The relationship between music and science is more complicated (and beautiful) than you ever imagined
I love the interplay between art and science, because it often demonstrates my conviction that we have more than one set of “senses” by which we interpret reality. While our five physical senses–touch, taste, sight, hearing, smell–are critical for apprehending the physical universe, it is our “spiritual senses”–what the Hebrew and Christian scriptures refer to as the “eyes of the heart”–that enable us to comprehend the spiritual universe. Music is but one place where the interaction between the two is so evident… and so beautiful. We’ve reposted Pam Belluck’s excellent introduction to Levitin’s work and Cory Turner’s report on a practical application of it for those less interested in the technical jargon. -GDS
To Tug Hearts, Music First Must Tickle the Neurons
By Pam Belluck • The New York Times
The other day, Paul Simon was rehearsing a favorite song: his own “Darling Lorraine,” about a love that starts hot but turns very cold. He found himself thinking about a three-note rhythmic pattern near the end, where Lorraine (spoiler alert) gets sick and dies.
“The song has that triplet going on underneath that pushes it along, and at a certain point I wanted it to stop because the story suddenly turns very serious,” Mr. Simon said in an interview. “The stopping of sounds and rhythms,” he added, “it’s really important, because, you know, how can I miss you unless you’re gone? If you just keep the thing going like a loop, eventually it loses its power.”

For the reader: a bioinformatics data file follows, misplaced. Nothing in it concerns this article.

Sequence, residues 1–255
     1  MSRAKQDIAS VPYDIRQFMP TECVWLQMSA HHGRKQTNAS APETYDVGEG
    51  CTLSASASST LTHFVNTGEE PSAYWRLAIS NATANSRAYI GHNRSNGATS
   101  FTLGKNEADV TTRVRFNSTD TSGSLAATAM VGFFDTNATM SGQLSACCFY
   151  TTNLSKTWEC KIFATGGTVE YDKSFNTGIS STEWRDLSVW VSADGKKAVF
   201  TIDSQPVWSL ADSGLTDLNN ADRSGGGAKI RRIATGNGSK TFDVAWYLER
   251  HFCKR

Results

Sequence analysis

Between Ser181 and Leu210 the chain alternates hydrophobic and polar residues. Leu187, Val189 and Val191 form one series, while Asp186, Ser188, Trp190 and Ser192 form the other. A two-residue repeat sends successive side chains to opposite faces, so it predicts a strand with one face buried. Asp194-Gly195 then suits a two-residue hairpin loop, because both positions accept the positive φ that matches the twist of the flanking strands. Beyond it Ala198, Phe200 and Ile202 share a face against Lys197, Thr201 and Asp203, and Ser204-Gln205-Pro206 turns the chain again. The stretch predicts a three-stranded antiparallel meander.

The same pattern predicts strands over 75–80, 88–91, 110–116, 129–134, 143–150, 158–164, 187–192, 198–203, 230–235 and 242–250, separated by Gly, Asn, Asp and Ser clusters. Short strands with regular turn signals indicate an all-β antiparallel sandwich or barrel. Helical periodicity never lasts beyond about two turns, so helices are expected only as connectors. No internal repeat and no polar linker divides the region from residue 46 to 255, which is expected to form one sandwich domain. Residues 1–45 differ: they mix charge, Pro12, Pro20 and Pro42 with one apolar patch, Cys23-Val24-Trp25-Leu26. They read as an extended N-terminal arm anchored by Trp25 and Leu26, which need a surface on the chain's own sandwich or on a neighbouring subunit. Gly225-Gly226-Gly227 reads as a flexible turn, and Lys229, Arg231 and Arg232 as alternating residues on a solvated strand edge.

An insight like this may seem purely subjective, far removed from anything a scientist could measure. But now some scientists are aiming to do just that, trying to understand and quantify what makes music expressive — what specific aspects make one version of, say, a Beethoven sonata convey more emotion than another.
The results are contributing to a greater understanding of how the brain works and of the importance of music in human development, communication and cognition, and even as a potential therapeutic tool.
Research is showing, for example, that our brains understand music not only as emotional diversion, but also as a form of motion and activity. The same areas of the brain that activate when we swing a golf club or sign our name also engage when we hear expressive moments in music. Brain regions associated with empathy are activated, too, even for listeners who are not musicians.
And what really communicates emotion may not be melody or rhythm, but moments when musicians make subtle changes to the those musical patterns…
What Does It Mean to Be Musical?
by Daniel J. Levitin • McGill University
Musical ability is popularly regarded to be innate: one either is or is not born with musical talent. Increasingly, neuroscientists are collaborating with geneticists to understand the links between genes, brain development, cognition, and behavior (Ebstein et al., 2010; Posner et al., 2011). Music can be seen as a model system for understanding what genes can accomplish and how they relate to experience. On the practical side, identifying genetic components that underlie musical ability can also help us to predict who will succeed or, more interestingly, what types of instruction will be most successful for individuals according to their geneticcognitive profiles. In all domains, successful genotyping requires an accurately described phenotype. Unfortunately, the latter has not yet been accomplished for music, creating a significant hurdle to further progress. Part of the difficulty in describing the musical phenotype is its heterogeneity, the wide variety of ways in which musicality presents itself (Sloboda, 2008). My goal in this article is to review those factors that might be associated with the phenotype and to discuss definitions, measurement, and accuracy, three common obstacles in understanding the genetics of complex behavioral phenomena (Ebstein et al., 2010), with the hope that this may stimulate discussion and future work on the topic.